Where Angels Fear to Tread


Dec 31, 2006
I run my fuel cut at 7000 RPM, which means my R3 still makes power to 7250. This means a missed shift will show 7400-7500 RPM before the fuel cut actually kills the revs. I'm not proud of missed shifts, but they do happen. However, the point here is that my engine has seen 7500 RPM occasionally with no ill effects. No bent valves, kissed pistons, rod stretch, or spun bearings... with a 14,000+ mile engine.

I don't recommend the 7000 RPM fuel cut to those with stock cams, as a stock cammed R3 can't breathe over 6800 anyway... no power up there for you. Remember, longer duration cams move the torque curve higher, giving you more power at higher RPMs (they let the engine flow better at high RPMs) and also take stress off the crankshaft in moving the power band higher. A supercharged R3 with long duration cams makes great power to 7250 RPM... possibly beyond. :cool:
I would think that the R3 engine should be fine up to at least 8k. Over head cams with no rocker arms flapping around. Hell, some of those jap bikes turn 14k with the same valve train, although much smaller pistons.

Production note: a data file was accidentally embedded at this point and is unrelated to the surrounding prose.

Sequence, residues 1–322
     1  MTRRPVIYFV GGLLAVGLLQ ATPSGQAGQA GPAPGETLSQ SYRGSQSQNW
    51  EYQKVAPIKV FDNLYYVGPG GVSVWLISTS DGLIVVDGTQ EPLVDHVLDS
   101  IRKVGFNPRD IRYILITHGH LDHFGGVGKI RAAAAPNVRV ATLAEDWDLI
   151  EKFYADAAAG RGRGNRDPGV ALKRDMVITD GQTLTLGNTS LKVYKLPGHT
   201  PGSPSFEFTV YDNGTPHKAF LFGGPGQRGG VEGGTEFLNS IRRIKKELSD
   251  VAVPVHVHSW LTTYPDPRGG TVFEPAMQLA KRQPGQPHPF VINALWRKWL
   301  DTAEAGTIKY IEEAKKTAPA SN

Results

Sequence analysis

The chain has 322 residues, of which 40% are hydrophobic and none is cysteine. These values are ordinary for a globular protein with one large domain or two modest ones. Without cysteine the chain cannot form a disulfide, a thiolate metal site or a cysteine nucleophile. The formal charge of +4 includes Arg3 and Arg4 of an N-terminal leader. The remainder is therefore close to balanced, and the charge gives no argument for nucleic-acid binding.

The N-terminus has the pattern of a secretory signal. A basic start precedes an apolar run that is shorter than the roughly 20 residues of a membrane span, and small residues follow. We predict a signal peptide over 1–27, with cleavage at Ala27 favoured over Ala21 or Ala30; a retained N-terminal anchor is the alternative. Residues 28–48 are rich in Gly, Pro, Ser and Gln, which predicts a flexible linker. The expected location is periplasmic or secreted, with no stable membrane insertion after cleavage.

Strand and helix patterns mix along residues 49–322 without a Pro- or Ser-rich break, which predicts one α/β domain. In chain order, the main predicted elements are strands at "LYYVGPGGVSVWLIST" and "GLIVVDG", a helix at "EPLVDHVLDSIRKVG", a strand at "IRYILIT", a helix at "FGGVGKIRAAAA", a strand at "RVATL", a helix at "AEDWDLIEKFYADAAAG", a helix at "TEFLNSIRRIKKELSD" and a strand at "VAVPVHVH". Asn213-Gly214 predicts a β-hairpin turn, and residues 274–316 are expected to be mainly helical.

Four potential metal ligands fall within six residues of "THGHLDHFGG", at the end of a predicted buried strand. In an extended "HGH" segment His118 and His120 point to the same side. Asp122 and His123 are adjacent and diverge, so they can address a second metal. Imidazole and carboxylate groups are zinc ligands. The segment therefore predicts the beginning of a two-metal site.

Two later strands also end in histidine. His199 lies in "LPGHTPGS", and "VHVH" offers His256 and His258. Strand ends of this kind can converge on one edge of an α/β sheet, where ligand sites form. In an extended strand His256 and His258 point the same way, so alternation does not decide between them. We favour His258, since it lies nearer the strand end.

There are only 2 ways to make [Naturally aspirated.] horsepower, cubic inches, or RPMs. Heck, I used to turn the 289 in my old drag mustang 8k. Ran mid 11's in the 1/4 mile. Ran the quickest that I ever ran it shifting at 6500.
Wilbur, the problem with 8000 RPMs in the R3 isn't piston size, it's rod length (piston speed). If we de-stroked, we could do it... but it's an expensive experiment.
Yeah, I wasn't thinking of the stroke you have to have to get 2300 ccs out of 3 pistons. Those long rods give a lot of leverage against the crank, good for low end torque, not so much for high revving.